GalaGirl GalaGirl is offline
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Quote:
How does communication work in your relationship? Does it seem one sided?
2 way street. No, not one sided. When I have something to say, I say it. When he has something to say, he says it. If nobody is not saying anything it means nobody has anything to say right now. Doesn't mean anything is amiss or "wrong."

Quote:
With my husband and boyfriend it seems like I do most of the work and it's frustrating.
What work? To have a conversation about (?) and engage?

What is it you want from them? Companionship and conversation? More considerateness? Be more present? Something else?

Quote:
I'll come up with something and they basically say if they agree or not
.

This is bad how? You don't like them answering you?

Quote:
I feel like I'm putting words into their mouth.
Because you express something and they answer? Are they good at articulating? Are you talking about relationship management talk and feeling frustrated they don't want to do it when it needs doing?

Quote:
I wish for once they would bring up a relationship topic and discuss it. I'm always the one that brings up concerns. I tend to think out loud.
Maybe they don't have any concerns, so don't feel the need to discuss.

You are all different people. Stands to reason you will have different needs.

Is it that you want feedback on how YOU are doing in the relationship? Want to know if you are meeting their needs, and don't know how to ask them for this input? And they don't volunteer it?

I am sorry you are frustrated. I can see that you are. But I am not sure what it is you are frustrated about or what you desired outcome is because you do not articulate that clearly.

Hang in there,
Galagirl

Last edited by GalaGirl; 02-28-2014 at 04:05 PM.
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  #6  
Old 03-01-2014, 09:36 AM
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SchrodingersCat SchrodingersCat is offline
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Yes. And no.

Gralson grew up in a "Don't talk about your feelings, it's weak. Don't talk about your needs, it's selfish." family. Actually, I believe the message was more along the lines of "Don't even have feelings and needs, they're not important." He's come a long way, but he'll always struggle to express himself. He understand, at least in principle, that talking about your feelings and needs is the only way to get them met. So when something's really bothering him, he'll bring it up eventually. It just might take him a week to figure out how to say it (shorter if I catch on that he's brooding and urge him to stop worrying about hurting my feelings merely by having feelings of his own).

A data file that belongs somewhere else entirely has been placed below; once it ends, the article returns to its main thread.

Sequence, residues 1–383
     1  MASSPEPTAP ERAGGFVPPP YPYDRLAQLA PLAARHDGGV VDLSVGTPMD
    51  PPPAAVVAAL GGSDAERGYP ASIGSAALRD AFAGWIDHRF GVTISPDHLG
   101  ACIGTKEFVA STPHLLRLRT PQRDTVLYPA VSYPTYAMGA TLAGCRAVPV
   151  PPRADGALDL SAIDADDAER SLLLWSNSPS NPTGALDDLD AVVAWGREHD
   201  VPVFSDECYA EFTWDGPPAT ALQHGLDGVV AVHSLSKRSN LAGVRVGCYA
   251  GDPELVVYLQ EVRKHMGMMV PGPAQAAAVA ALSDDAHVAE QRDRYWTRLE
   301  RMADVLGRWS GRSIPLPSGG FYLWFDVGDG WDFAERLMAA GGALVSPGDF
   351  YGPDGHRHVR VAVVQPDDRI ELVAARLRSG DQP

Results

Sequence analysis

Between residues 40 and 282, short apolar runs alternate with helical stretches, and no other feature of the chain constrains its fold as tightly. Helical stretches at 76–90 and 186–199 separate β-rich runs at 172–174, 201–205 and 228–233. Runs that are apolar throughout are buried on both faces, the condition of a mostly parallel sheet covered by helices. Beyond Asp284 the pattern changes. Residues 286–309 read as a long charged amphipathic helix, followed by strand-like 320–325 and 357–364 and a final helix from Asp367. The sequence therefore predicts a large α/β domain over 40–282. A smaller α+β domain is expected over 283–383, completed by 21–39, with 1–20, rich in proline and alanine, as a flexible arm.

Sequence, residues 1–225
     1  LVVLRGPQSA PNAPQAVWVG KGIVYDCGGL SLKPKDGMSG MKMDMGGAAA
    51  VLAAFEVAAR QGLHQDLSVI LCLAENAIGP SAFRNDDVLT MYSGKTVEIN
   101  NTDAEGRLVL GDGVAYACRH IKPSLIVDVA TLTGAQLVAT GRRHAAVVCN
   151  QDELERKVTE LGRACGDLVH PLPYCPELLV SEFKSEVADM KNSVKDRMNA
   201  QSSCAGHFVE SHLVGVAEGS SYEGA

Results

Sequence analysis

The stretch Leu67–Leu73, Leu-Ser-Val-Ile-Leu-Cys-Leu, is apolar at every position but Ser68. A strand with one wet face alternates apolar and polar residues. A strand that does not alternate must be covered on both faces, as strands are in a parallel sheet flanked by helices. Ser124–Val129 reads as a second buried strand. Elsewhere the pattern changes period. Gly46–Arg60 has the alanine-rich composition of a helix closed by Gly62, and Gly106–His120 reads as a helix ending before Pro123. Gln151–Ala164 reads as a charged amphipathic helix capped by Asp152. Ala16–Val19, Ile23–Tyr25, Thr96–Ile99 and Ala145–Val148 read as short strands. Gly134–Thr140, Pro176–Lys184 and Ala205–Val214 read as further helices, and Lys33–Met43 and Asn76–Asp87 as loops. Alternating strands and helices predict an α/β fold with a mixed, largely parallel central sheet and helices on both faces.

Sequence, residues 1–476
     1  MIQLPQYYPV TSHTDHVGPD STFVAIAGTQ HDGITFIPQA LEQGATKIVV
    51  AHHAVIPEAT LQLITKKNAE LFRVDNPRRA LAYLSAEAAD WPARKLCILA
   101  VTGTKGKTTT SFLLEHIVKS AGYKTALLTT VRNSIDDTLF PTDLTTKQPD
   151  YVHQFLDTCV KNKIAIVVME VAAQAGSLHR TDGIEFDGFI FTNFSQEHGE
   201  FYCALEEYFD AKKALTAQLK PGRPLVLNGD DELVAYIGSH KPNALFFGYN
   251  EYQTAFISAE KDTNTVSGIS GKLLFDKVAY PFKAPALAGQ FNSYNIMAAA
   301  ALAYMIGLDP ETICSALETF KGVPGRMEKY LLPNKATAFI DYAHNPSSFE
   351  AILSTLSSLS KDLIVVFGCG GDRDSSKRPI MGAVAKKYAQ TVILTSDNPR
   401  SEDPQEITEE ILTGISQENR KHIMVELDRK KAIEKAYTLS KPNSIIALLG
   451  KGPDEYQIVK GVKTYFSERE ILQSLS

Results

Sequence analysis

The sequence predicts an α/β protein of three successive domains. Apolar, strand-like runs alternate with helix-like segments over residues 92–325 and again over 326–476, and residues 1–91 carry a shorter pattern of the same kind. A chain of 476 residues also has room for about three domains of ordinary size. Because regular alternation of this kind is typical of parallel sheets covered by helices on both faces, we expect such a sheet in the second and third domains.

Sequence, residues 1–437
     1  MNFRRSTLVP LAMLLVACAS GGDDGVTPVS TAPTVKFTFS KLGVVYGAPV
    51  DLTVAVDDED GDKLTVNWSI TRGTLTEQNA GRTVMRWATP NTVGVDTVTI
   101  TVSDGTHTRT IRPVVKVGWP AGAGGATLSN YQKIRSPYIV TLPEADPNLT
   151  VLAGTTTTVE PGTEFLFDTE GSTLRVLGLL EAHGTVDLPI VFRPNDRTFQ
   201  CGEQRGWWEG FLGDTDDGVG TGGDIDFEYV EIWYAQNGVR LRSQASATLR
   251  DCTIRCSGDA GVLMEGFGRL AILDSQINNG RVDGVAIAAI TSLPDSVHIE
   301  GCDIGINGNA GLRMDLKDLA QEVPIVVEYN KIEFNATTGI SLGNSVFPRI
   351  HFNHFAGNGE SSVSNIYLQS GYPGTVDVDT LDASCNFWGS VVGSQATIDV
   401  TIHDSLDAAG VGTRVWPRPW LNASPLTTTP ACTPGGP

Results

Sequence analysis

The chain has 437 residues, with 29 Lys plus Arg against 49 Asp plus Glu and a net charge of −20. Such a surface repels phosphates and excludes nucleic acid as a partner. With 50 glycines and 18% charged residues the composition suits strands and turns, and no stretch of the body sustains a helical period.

Auto has a background in Psychology and she's naturally emotive and a talker. She's blunt and she says it how it is. She's really good at checking-in, i.e. "This is how I'm feeling. I don't expect you to change what you're doing, I just wanted you to know."

I agree that it's not entirely a male/female thing. I know lots of people who grew up in both kinds of homes and I think that has more to do with it than anything. If you learn young how to express yourself, it just comes naturally. If you don't, it's a tough skill to learn.

With Gralson, I also found that learning when to shut the fuck up went a long way towards getting him to talk more. I think out loud too, and it often overwhelms him and he retreats inside. When I repress the urge to fill in every silence and instead give him room to think and speak, he's a lot more likely to express himself.
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Old 03-01-2014, 09:42 AM
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SchrodingersCat SchrodingersCat is offline
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I'm reminded of a conversation we had just today, actually. Someone started a discussion in a poly group on facebook. Long story short, it was about disclosing personal information on or before the first date. One person commented that they would be "surprised" if someone they were dating wasn't comfortable disclosing the info. Gralson read that over my shoulder and was surprised. Then he scrolled up and noticed it was a poly group, asked me if that person was poly. I confirmed and he said "ahh, that explains it."

He figured poly people would be more likely to "talk about everything" in relationships. I pointed out that this isn't a poly-thing, there are plenty of monos who also avoid dating people ("like you") who aren't expressive about their thoughts and feelings. I made it personal but he wasn't offended. I just mentioned that lots of people wouldn't have taken the time and effort to build the relationship we have with someone who's so non-communicative, because it's a lot of work.

He found that really interesting because he had never thought about the possibility that people wouldn't just put up with non-communicative partners. For me, I see it as the price of admission. And if he wasn't at all willing to work on developing those skills, that price would be too high. Because he's willing to work on it (we're even going to a week-long NVC retreat in April), I'm content to take it day by day.
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Gralson: my husband (works out of town).
Auto: my girlfriend (lives with her husband Zoffee).

The most dangerous phrase in the English language is "we've always done it this way."